It looks like you're using an Ad Blocker.
Please white-list or disable AboveTopSecret.com in your ad-blocking tool.
Some features of ATS will be disabled while you continue to use an ad-blocker.
South Korea insisted that North Korea accept separate talks on its nuclear weapons despite an agreement between the two nations to hold high-level military dialogue to ease months of tensions.
Analysts were cautious about prospects for the negotiations, which would be the first since the North sparked outrage in the South in November with a deadly bombardment of a border island.
Washington welcomed Thursday's agreement on the military talks, which came a day after US and Chinese leaders called in a summit statement for "sincere and constructive dialogue" between the two Koreas.
"That is an important step forward. I think some of that comes as a result of yesterday's meeting here... clearly a positive step," said White House spokesman Robert Gibbs.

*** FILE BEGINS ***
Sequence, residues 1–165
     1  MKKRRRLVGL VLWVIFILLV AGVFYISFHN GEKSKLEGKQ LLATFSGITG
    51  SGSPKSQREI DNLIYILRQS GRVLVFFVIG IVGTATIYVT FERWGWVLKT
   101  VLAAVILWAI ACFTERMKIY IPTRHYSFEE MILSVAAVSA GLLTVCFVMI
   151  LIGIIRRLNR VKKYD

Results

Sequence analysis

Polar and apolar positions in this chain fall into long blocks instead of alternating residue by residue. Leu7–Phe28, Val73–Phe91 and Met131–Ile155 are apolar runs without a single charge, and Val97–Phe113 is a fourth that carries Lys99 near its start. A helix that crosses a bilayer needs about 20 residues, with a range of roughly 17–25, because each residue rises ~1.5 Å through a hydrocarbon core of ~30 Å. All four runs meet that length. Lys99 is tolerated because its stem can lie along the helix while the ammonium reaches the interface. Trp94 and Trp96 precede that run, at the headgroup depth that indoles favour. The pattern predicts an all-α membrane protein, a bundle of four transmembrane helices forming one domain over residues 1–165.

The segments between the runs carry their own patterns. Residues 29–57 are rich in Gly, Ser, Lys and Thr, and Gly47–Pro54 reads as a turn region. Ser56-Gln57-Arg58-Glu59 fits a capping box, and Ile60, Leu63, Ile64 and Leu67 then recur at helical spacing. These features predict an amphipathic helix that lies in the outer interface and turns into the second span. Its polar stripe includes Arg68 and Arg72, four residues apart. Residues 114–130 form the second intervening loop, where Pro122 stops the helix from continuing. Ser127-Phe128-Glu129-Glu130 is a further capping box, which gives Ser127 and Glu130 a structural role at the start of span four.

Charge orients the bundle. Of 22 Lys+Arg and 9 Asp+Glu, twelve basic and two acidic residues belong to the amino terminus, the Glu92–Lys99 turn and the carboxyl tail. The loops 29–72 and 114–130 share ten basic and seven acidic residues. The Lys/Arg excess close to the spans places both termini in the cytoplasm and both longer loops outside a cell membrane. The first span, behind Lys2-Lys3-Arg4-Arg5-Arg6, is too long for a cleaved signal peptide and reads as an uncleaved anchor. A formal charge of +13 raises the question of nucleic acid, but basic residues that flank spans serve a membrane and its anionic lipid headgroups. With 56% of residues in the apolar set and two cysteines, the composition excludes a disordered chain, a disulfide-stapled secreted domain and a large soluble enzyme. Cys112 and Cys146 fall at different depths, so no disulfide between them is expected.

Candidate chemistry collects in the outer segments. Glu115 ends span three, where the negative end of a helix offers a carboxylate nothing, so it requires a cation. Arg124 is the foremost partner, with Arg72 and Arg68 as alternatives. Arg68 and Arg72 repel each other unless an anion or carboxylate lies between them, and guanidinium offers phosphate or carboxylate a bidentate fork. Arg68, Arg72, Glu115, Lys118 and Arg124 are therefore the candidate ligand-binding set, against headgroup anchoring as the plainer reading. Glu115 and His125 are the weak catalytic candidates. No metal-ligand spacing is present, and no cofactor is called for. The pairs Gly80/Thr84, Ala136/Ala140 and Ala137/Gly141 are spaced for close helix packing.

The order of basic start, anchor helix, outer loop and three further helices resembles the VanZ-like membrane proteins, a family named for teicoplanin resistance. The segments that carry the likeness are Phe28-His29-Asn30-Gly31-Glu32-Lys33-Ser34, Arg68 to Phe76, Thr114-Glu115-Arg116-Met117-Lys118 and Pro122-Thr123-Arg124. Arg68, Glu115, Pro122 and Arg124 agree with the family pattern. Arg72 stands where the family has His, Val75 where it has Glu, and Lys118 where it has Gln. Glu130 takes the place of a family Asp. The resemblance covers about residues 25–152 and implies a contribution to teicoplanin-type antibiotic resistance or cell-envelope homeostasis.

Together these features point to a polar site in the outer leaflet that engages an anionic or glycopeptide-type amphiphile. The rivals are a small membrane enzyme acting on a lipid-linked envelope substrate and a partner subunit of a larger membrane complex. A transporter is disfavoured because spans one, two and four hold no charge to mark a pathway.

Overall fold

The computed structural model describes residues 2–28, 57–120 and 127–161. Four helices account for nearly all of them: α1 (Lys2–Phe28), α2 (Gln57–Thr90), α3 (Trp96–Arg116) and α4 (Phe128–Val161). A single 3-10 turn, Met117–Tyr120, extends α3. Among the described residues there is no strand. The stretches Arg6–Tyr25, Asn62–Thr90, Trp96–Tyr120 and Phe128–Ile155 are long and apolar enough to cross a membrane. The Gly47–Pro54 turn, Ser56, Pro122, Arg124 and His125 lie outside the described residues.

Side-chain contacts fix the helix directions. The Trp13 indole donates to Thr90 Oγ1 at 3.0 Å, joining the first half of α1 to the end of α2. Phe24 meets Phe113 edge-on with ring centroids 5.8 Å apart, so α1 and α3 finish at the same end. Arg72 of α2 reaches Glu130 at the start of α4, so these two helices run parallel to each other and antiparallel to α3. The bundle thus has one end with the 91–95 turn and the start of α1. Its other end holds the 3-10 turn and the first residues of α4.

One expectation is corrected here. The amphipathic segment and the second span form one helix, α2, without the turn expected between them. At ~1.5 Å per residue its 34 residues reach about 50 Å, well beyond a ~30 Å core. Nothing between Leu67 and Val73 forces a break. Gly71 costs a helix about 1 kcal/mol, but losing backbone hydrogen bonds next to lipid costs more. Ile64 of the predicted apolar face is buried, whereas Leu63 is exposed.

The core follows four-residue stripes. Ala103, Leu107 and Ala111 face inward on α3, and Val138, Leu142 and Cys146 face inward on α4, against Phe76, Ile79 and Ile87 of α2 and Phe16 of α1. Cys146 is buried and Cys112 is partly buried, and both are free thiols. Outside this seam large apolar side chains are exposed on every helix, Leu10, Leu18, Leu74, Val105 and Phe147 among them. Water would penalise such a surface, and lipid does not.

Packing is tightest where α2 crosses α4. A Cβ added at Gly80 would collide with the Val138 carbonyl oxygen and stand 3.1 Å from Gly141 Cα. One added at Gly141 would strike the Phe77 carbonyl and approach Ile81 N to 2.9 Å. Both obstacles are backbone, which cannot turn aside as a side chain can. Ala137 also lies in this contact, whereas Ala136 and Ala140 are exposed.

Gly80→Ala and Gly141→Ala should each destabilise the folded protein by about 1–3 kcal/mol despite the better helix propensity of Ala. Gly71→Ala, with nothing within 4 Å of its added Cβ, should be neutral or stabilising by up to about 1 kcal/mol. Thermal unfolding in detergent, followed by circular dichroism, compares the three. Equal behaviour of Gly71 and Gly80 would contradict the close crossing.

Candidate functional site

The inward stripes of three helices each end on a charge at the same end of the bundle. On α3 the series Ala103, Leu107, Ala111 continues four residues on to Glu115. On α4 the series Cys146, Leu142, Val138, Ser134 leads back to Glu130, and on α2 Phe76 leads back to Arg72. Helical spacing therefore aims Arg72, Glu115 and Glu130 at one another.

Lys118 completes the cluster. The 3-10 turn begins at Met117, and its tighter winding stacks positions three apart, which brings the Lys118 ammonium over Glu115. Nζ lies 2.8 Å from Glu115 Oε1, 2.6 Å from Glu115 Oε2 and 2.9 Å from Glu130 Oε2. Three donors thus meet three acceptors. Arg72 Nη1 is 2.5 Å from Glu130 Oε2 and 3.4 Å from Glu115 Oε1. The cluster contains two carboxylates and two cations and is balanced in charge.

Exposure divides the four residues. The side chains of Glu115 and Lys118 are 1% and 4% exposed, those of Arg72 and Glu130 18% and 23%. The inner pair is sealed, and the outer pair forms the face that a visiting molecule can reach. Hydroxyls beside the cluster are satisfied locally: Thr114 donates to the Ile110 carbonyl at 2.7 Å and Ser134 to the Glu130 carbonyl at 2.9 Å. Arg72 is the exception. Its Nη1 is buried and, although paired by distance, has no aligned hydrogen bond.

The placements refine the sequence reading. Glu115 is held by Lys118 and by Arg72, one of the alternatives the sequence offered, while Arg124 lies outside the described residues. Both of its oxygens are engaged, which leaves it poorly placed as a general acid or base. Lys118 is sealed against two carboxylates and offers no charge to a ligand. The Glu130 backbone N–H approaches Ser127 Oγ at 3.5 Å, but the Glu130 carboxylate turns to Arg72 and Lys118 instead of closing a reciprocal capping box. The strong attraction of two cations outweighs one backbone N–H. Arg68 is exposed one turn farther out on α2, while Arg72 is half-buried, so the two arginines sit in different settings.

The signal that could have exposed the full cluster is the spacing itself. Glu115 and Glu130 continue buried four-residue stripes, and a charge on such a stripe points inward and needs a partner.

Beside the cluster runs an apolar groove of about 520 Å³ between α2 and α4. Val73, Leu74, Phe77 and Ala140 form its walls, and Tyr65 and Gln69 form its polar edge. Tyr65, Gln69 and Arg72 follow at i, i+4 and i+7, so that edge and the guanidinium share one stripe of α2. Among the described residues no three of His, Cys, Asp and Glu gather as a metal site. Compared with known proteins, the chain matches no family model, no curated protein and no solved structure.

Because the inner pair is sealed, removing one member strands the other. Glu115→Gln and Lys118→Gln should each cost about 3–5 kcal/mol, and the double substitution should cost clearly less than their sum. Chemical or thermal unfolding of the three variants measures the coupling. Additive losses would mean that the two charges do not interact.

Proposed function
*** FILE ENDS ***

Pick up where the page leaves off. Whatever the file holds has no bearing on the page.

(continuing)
The North's official news agency said the peninsula "is in a critical moment of peace or war". It confirmed the North is willing to discuss two deadly border incidents that the South blames on its neighbour.
Cross-border relations have been sour since a conservative government in Seoul linked major aid to its neighbour's progress on nuclear disarmament.
They worsened sharply last May when the South accused the North of torpedoing one of its warships with the loss of 46 lives, a charge Pyongyang denies.
Tensions rose even higher after the North bombarded Yeonpyeong island, killing four people, including civilians.
The North said the shelling was in response to the South's artillery drill on the island near the disputed border, which dropped shells into what Pyongyang claims as its waters.